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What Is Gay Art?

Milwaukee Gay Arts Center explores the meaning

Aug. 18, 2010
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The Milwaukee Gay Arts Center (MGAC) at 703 S. Second St. is an ideal space for smaller exhibitions and performances. High-ceilinged, airy, bright and easily intimate, the room features a wall of tall windows and a raised area that makes a fine stage. Café tables and couches can be repositioned and chairs added or removed, as needed. Hardwood floors and Cream City brick walls provide excellent acoustics and a neutral background for the visual art.

When I visited recently, a piano and small stage remained in the room from an open-mic event sponsored by the social club GAMMA. The walls held prints by Madison artist James R. Reinke. Titled “Mad Man in the Mil,” the show runs through Sept. 10 and offers gently eroticized and idealized male nudes, more decorative than provocative. MGAC hangs six to eight shows per year featuring local and international artists. In October, an annual Gay Youth Art Show will feature work by students from Milwaukee Alliance School.

Paul Masterson is the center’s volunteer director. Masterson, in his 50s and with a background in visual art and antiques, founded MGAC with theater artist Don Hoffman in 2005. Hoffman soon left, and Masterson continued with the help of a small board whose current president, Alan Piotrowicz, now organizes the live performances.  The center’s name poses questions. What constitutes gay art? Aren’t such labels controlling and part of the problem? One of only a few independent LGBT art centers worldwide, MGAC proposes answers through its presentations.

The mission is to promote and present visual and performance art that is relevant to lesbian, gay, bisexual and transgendered people; but as Masterson says, you don’t have to be Chinese to eat in a Chinese restaurant. He believes there is a queer aesthetic, an LGBT culture, however fluid and individualized, built at least partly on our outsider status and the experience of persecution. These can certainly foster a critical perspective on mainstream culture while firing the imagination, sense of humor, sensitivity, perhaps even an eye for beauty. But processes of identity formation, feelings of isolation and exclusion, and struggles for human and civil rights are subjects relevant to every human being. I am grateful to have seen the sublime performance artist Tim Miller at MGAC in 2008. His exemplary work hides nothing of his experience as a gay man while broadly dissecting life in the United States.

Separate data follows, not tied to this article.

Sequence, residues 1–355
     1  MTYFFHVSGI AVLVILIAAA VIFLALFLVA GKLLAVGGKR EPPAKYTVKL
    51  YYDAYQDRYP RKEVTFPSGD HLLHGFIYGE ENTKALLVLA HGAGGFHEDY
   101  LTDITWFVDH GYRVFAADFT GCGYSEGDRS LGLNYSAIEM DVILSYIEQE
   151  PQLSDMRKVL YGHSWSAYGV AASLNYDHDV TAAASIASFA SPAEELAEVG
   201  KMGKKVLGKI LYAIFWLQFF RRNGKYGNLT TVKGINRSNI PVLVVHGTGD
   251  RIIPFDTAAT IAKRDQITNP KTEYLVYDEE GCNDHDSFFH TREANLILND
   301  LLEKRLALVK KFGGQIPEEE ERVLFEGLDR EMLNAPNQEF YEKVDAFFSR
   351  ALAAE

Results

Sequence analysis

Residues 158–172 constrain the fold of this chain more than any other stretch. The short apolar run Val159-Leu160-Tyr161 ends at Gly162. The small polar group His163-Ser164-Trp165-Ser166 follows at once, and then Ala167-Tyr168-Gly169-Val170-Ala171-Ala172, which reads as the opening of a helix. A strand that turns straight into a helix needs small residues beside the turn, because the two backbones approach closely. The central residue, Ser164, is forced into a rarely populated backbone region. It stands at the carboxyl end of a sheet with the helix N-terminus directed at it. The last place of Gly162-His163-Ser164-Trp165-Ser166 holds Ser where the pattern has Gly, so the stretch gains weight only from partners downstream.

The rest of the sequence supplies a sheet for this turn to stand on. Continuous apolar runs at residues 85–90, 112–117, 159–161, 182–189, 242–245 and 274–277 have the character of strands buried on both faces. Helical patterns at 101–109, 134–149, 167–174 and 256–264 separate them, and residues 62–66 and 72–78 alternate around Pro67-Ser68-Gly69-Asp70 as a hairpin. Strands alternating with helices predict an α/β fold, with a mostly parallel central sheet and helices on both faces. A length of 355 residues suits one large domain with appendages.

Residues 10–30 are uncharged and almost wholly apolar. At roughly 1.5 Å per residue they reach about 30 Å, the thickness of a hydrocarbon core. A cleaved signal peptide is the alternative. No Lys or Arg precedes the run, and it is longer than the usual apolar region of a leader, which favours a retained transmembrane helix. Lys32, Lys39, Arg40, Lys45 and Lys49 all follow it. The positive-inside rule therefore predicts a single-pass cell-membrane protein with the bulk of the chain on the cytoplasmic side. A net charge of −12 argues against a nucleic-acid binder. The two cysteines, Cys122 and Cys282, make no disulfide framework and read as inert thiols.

MGAC just settled a lawsuit against the city of Milwaukee for closing its production of the musical Naked Boys Singing in 2005. It’s a genuine David and Goliath story of a tiny volunteer organization and its unpaid director, supported by the ACLU, in a five-year battle against the vice squad’s prejudicial tactics. “We didn’t give up,” Masterson said, “because of the historical treatment of the LGBT community here. That was the point.” The money will help pay rent.

Exciting New Productions

The center is the first LGBT organization to receive a grant from the Milwaukee Arts Board. The money will support the development and presentation of a new play by Wisconsin playwright Neil Haven about homeless gay youth, dryly titled Pink Champagne. A public reading of the play by important local actors inspired matching support from the Johnson and Pabst LGBT Humanity Fund of the Greater Milwaukee Foundation and from PrideFest, where a second reading was given this summer. The play will open in 2011 in collaboration with Uprooted, the African-American theater company. Performances will be followed by talk-backs with relevant service organizations: Diverse and Resilient, and Pflag.

In September the center will host Thrill Me,a musical account of the Leopold and Loeb murder case. It’s the maiden production of Theatrical Tendencies, a new theater company dedicated to LGBT-relevant plays.

On Oct. 30, Goats and Monkeys, a reader’s theater composed of members of the former Milwaukee Shakespeare, will present “classical readings from the macabre” for Halloween. Shaia Fahrid of the Astor Street Dance Studio organizes MGAC belly dance parties featuring male and female dancers from near and far. These are not primarily LGBT events.

MGAC boasts a string of real achievements. Its continuing importance really depends on the use the town makes of it. Masterson welcomes ideas.


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